Editor's note: Mark Shepherd is the only candidate printed on the Union County ballot after he received the most delegate votes during the Union County Republican Convention in June. After his loss, McNeill announced that he would continue a write-in campaign. Burkhalter posted on Facebook that he is not running a write-in campaign, but he would accept the nomination, should he win the general election.
Burkhalter the 'people's choice'
Although he won the popular vote for the Union County Sheriff in the Republican primary, Brian Burkhalter received less than the 35% required margin to be declared the winner.
The 17 delegates on at the Union County Republican Convention voted six times before selecting a candidate. For the first five votes, no candidate received a majority plus one — equalling 10 votes — which the delegates had amended the rules to require at the beginning of the convention. Burkhalter received the most votes on the first three ballots, with 9 of the 17 votes on rounds two and three. However, the tide shifted and the final ballot secured the nomination for Mark Shepherd.
When the convention chose his opponent to represent the Republican Party in the general election, Burkhalter decided not to fight it.
"I ultimately decided that I would not run an official campaign in order to submit to the County Convention’s decision – even though they chose not to submit to the will of the people by choosing a candidate who did not receive the most votes in the June primary," Burkhalter posted yesterday on his campaign Facebook page.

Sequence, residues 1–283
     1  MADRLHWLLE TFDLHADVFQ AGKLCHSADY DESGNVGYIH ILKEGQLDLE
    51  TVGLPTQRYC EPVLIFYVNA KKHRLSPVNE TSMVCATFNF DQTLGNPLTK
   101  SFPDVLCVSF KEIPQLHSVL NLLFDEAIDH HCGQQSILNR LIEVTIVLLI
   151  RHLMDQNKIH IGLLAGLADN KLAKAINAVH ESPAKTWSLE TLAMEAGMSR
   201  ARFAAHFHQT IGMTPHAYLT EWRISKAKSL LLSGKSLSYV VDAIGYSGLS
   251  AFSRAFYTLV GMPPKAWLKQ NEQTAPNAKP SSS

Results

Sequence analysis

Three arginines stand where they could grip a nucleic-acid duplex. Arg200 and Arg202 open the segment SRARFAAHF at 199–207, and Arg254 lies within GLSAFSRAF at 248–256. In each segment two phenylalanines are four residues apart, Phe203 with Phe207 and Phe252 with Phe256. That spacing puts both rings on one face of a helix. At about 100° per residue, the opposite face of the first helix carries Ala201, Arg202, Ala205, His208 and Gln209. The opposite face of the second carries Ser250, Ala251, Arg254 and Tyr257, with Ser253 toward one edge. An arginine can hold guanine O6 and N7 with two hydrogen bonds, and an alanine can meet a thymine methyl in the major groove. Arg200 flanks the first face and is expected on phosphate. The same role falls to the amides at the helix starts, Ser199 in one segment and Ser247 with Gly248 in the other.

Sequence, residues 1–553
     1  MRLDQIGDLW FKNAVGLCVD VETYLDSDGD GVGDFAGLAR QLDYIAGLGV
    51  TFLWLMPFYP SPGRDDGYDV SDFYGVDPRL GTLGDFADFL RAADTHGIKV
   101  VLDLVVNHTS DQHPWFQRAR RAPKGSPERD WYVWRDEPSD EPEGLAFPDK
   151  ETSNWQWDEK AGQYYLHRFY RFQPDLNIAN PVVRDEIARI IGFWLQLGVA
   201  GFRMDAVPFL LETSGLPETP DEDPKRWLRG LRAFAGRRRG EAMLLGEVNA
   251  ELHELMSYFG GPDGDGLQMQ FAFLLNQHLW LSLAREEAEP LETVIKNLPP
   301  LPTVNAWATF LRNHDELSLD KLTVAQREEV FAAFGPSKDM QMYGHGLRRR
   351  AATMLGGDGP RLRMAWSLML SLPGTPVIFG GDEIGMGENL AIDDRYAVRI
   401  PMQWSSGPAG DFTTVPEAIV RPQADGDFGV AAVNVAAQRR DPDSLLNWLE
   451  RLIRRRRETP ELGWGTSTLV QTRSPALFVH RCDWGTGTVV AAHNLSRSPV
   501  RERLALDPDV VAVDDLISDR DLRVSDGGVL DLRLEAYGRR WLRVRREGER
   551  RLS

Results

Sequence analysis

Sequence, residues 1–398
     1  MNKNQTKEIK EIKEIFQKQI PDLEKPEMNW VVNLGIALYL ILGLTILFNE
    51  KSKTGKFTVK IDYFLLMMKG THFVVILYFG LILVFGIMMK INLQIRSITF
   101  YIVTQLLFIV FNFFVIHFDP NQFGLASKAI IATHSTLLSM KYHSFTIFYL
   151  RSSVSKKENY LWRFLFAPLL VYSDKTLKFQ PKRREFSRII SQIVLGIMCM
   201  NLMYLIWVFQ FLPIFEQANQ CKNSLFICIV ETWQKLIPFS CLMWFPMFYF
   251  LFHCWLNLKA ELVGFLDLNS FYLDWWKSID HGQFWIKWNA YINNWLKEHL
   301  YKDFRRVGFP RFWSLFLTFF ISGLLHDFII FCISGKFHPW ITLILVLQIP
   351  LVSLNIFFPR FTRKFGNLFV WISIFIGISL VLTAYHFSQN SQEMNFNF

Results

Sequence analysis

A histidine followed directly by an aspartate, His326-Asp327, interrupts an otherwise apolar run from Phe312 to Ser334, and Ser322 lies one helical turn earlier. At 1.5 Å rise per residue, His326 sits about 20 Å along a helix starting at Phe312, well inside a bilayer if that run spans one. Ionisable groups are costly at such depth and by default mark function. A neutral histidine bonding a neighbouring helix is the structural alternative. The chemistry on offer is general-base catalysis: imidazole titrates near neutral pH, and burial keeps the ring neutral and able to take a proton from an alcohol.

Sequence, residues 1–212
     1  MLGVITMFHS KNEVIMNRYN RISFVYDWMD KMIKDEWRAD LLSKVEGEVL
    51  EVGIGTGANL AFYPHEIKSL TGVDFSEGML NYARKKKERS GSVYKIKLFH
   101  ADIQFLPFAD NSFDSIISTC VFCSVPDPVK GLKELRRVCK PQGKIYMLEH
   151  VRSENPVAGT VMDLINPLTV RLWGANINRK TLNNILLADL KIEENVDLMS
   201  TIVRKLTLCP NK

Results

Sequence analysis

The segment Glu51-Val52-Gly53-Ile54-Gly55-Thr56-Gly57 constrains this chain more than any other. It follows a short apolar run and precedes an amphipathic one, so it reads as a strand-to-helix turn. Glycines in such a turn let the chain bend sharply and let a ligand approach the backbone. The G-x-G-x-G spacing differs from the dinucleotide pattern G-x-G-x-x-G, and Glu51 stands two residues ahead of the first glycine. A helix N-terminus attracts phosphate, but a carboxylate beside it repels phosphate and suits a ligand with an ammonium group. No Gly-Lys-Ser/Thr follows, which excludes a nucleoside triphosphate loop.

However, a group of Union County residents has been circulating flyers to promote writing Burkhalter's name in for Sheriff, calling him the "people's choice"
"Will I accept the position of Sheriff if I receive enough write in votes? The answer — YES," Burkhalter posted.
New jail/Increased services
As he said during the primary race, Burkhalter believes the Union County Sheriff's office does not need a lot of changes. He said he want to "get his feet wet" before making any major decisions about how the department is run.
"My approach would be, even though I work there, until you are sitting in that job you don't know exactly what goes on so I think it's irresponsible to comment on what you think you might do or what you are going to want to do until you actually get in there and figure out what's going on," he said.
Burkhalter called himself "fiscally conservative" and said he would not support the building of a new jail until he had had a chance to look at it more closely from inside the position of sheriff.
"It needs to be planned out very carefully," he said, "We're not going to just spend frivolously. That's a long term goal. It's not something you're going to be able to accomplish immediately."
In keeping with his no changes perspective, Burkhalter said there are no areas he believes should or could be cut from the sheriff's budget at this time.